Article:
Photographer Ibrahima Sory Sanlé was born in 1943 in Nianiagara, Burkina Faso. His career in photography came about an ultimately pivotal time for his country: the year of its independence from France in 1960, and the movement from his own city, Bobo-Dioulasso to Haute-Volta's culturally prosperous capital. Sanlé’s works have thus come to represent a newfound freedom, both on a personal and societal level; documenting the progression of a countries autonomy and his own photographic expression.
His signature black and white photography in 6 x 6 format is reminiscent of African photographers of his era, readilycomparable to therenowned Malian photographer MalickSidibé. Both photographers likewise promoted the popular culture of their regions, particularly their respective countries capital cities, rejecting the rigid formalities of official photography, instead offering an overarching inclusiveness, a readiness to photograph whomever andwherever.
Moving from documenting highway wrecks within and around Bobo-Dioulasso to opening his own photo studio, Volta Photo in the mid-1960’s, Sanle’s subject matter, style and delivery blossomed alongside his cities cultural and economic richness. Sanlé’s works gained fast recognition, discernible by the distinctive chosen background paintings; the beach walkboards, modern cityscapes and airplane figures now appearing candidly kitsch.
Sanle’s presentation andportrayal in his photographs is one that champions agency, from the physical stances of his subjects to his own photographic execution, the finished composition smells of confidence. It is a confidence and pride in a new modern way of life alongside a graceful awareness of the age-old traditions that formed the foundation for Burkina Faso’s cultural centre. Bobo-Dioulasso's people are youthfully earnest, not weak and whittled by close to a centurial dependence on France; the energy of each individual personality moving beyond the confines of a studio, a camera, and even the photographer himself.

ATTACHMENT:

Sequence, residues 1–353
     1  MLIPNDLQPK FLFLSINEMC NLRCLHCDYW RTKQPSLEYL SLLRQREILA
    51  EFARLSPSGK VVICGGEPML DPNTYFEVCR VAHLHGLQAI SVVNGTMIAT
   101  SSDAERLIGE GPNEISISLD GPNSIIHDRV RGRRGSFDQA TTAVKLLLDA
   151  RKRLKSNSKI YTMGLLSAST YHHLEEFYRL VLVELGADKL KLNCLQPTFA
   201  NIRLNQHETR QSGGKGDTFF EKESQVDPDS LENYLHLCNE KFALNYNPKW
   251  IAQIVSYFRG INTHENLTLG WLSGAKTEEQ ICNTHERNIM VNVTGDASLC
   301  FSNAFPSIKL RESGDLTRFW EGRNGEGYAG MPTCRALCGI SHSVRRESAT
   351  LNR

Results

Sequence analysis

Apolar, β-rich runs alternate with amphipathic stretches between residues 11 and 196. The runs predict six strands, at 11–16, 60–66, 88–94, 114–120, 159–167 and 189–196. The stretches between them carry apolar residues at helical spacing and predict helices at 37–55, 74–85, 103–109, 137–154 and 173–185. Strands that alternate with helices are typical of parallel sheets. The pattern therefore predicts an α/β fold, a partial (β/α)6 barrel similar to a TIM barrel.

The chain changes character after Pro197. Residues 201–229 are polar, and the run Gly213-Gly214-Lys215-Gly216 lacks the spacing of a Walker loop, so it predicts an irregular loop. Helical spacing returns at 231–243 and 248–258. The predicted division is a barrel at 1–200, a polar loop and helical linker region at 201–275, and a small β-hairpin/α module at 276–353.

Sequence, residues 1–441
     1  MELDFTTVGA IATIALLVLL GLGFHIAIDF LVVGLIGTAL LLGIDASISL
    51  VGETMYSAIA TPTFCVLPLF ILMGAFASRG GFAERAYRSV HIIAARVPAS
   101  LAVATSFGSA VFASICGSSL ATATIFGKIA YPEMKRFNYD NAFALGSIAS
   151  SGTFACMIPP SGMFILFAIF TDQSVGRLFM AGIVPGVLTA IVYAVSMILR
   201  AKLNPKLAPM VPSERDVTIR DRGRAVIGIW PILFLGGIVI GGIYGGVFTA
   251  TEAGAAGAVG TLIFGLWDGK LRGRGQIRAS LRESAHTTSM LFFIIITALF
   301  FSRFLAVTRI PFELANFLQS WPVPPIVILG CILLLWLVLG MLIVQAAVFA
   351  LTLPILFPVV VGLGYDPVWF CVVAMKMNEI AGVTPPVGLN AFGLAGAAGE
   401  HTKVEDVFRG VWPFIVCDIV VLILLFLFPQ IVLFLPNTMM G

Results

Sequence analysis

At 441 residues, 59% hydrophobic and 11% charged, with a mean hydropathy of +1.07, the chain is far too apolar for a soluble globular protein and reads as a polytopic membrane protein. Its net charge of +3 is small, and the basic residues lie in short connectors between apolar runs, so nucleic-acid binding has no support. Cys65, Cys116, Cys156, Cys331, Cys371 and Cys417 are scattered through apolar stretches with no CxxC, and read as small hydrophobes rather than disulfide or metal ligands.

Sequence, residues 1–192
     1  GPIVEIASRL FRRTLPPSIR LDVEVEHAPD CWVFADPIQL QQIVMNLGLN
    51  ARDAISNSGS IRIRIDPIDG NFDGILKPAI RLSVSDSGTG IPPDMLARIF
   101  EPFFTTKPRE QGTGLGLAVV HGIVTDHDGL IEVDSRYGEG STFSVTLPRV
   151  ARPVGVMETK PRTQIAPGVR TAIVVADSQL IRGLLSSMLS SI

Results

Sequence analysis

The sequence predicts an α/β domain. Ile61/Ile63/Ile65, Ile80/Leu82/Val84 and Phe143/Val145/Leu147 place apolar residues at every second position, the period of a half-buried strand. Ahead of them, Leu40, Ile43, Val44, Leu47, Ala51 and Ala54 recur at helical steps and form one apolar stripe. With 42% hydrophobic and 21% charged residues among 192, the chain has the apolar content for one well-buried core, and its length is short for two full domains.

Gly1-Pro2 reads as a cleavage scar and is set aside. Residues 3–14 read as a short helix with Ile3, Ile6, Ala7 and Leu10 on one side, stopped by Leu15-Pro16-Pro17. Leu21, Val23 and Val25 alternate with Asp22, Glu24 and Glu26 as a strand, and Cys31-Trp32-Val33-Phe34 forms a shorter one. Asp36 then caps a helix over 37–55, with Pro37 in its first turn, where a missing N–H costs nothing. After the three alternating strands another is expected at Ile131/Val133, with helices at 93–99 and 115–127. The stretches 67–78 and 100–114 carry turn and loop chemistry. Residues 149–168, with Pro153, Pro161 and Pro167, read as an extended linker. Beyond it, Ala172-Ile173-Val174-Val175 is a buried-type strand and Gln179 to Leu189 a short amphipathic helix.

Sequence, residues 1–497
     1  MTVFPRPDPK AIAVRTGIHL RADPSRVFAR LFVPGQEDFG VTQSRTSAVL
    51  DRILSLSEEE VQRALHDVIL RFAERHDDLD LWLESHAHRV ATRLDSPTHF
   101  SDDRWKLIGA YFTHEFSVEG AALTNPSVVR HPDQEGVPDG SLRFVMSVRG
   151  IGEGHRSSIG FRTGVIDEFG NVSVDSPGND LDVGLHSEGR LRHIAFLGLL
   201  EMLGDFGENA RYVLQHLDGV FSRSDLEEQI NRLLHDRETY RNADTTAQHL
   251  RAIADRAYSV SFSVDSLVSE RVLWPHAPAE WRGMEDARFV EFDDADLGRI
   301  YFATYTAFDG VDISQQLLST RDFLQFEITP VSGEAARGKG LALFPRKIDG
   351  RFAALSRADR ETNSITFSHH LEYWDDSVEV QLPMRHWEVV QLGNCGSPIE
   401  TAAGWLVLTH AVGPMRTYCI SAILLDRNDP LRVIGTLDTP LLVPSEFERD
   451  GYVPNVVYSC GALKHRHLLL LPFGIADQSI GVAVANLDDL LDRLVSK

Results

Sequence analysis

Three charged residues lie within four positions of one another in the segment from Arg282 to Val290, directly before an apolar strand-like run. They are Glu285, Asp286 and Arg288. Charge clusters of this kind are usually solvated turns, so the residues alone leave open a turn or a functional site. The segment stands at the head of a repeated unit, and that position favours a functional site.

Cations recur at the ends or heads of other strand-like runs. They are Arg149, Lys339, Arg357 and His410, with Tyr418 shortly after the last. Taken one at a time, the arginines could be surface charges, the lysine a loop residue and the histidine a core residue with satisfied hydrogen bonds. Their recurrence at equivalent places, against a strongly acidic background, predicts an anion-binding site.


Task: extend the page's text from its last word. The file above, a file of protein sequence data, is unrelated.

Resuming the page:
Sanlé’s photographs declare a nostalgia before their time, a want for the possibility of anticipated hope and joy, of replacing the void of creativity amidst colonial formality, and creating an unspoiled narrative of cultural articulation. His subjects as ardent as himself, Sanlé abided by the principle, ‘the more you like something, the more you invest yourself in your passion’.
Sanlé was introduced to photography in his youth as an apprentice in Bobo-Dioulasso, working alongside a Ghanaian boss who taught him to process and print his own photographs. He also worked as a record sleeve illustrator, reporter and an official photographer. Unearthed from private collections only in recent times, two decades of Sanlé’s works feature in Sory Sanlé -Volta Photo 1965-1985 a new book alongside his first international solo show at London’s Morton Hill Gallery. Sanlé currently lives and works in Bobo-Dioulasso, Burkina Faso.
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